Wednesday, February 03, 2010

Third parenting seminar class

Last night I attended my third parenting seminar class. While the information I am learning is overwhelmingly positive, I become less and less a fan of the teacher as the classes wear on. I found her to be down-right condescending at times, which was quite off-putting. Last night she made a snide remark to Iris's teacher and I kind of wanted to punch her in the face over it. She also told a parent, I kid you not, that the parent's 3 1/2 yo child needed to get an allowance to buy his own Thomas the Train socks.

The other thing that really bothered me was the instructor's response to a suggestion I gave that works for me. We were talking about disarming kids who were in the middle of having issues and I said that one thing I do is I sometimes start to fake cry and say "I'm hurting!" if Eloise says something hurtful to me or physically hurts me. 100% of the time she immediately smiles and comes over and hugs me to see if I'm okay and we carry on. SO-- when I said this to the class, the teacher basically responded as if the idea was ridiculous and said "you don't need to act like that, you can just say 'that hurt me'". I was like, oh, okay. Then as I sat with it I remembered in our very first class we spent a long time talking about how we shouldn't be doing things for our kids that they can do for themselves. When a child started screaming about wanting you to put her underwear on, for example, you can act like you have no idea where the underwear goes. On your head? On her head? On her arm? And act like you're totally incompetent so that the child realizes she needs to do it herself. So I'm sitting here thinking, you advocate going on and on with this long scenario of feigned incompetence with your child but I can't fake cry to quickly and effectively get my point across to my kid that I'm hurt? Hmmmm. Anyways. It has obviously bothered me. I feel like she has a really rigid set of criteria as to what is the best way to parent--and I do think, for the most part, that the ideas are right on, but sometimes am really left scratching my head.

But I digress. I have focused for most of the past 24 hours on a handful of annoyances, the class is incredibly helpful. The group is about 30 parents, mostly women, and holy cow are we a funny group. I swear someone is cracking a joke that gets the whole room laughing at least once every few minutes. But in a good way-- in an appropriate way. It feels so relaxed and like we all are truly in it together.

In last night's class we did a bunch more role-playing and it was fun because I definitely learn the most from either being a role-play or watching other parents in one. We didn't discuss a whole lot of new information and we didn't get any hand-outs, just built off of the last couple of weeks.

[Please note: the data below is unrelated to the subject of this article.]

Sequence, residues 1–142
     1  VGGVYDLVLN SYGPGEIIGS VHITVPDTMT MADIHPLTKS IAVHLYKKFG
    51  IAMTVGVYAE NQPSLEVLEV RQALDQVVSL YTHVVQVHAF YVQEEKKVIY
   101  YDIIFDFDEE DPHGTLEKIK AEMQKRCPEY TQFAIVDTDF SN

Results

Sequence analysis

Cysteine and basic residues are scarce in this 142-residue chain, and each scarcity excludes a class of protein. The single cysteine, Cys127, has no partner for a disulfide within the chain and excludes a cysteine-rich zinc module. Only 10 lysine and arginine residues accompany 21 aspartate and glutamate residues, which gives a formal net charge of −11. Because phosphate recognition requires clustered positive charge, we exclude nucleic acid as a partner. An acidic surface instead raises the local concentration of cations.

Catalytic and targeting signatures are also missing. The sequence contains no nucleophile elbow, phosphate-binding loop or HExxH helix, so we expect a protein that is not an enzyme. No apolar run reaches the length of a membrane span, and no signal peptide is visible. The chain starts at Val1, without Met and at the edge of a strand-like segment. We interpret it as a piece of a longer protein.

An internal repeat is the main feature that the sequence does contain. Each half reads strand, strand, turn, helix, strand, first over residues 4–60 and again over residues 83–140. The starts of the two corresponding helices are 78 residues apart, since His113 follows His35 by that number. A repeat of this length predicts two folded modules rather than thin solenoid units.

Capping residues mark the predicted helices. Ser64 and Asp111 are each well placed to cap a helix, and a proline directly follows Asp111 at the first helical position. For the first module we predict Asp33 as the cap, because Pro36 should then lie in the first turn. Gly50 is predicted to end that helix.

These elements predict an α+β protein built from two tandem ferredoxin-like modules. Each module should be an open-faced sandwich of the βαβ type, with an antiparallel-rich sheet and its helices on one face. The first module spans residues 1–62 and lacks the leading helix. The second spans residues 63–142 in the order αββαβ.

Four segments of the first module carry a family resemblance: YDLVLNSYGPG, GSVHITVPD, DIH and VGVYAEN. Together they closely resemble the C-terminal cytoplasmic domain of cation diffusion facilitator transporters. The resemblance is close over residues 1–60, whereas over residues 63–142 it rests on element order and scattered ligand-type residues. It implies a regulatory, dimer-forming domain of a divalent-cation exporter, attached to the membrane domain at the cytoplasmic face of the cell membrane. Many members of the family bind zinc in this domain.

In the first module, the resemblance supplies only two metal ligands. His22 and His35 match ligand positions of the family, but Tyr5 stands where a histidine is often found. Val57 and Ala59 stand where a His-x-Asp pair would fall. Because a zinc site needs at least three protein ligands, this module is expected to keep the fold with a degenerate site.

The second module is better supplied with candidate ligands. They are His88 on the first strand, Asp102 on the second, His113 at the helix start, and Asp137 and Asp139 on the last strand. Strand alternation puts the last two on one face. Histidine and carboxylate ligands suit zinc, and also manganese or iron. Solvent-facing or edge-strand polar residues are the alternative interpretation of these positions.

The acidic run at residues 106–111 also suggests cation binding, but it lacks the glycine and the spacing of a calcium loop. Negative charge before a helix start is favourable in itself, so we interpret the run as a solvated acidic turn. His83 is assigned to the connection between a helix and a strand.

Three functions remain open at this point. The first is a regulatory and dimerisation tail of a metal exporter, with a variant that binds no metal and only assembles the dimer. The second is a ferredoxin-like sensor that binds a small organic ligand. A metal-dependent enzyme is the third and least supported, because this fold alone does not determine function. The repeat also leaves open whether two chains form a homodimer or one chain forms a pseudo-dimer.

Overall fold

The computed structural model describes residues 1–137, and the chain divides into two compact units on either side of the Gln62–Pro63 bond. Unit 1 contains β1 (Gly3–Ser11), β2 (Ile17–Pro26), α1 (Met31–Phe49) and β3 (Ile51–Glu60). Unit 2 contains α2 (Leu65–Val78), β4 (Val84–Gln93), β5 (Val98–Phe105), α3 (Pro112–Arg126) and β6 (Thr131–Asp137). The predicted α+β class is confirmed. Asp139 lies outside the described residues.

A few ideas really jumped out at me, some suggestions that I want to try, are:

First, to spend an afternoon taking pictures of the girls doing all of their steps to their night time routine, get them printed and then put them up on a poster, labelling the steps. Our instructor talked about letting the routine be the boss and I feel like, with my kids, the more I can follow a routine the better off we all are. The problem is, I am sooo not a routine person. I do very little in a routine of my own volition, but it does help my girls. So, we'll make a poster that we can always refer back to (and refer back to again and again and again!).

The second thing was one little nuance of language-- when you need your child to do something, like get on her shoes, one of the tools that mostly works in our family is to give her a choice: "do you want to wear your boots or your crocs?" but I can add on "it's your choice" to the end to really let her know SHE is in control of make the choice she wants. These kinds of choices give children a level of control within the confines of what needs to happen. We need to get out the door to go to school, but it can make that happen with input from my child on how it's going to work out.

And lastly, to remember the idea of "connecting then correcting" my children. Children are acting out because they are looking for connection, so the best thing I can do as a parent is provide them with the connection they are striving for before attempting to correct the behavior.

1 comment:

  1. I don't care what the teacher thinks. I'm totally stealing your idea about fake crying. Isn't it the whole point that you can get a message across more quickly by being playful?

    I need to do the routine poster idea, too. I also am not a routine person, and it might help me remember what I intend to do but forget. I can't tell you how many times the kiddo ends up asleep half-dressed, teeth unbrushed, no books read. It could be my little cheat sheet. :)

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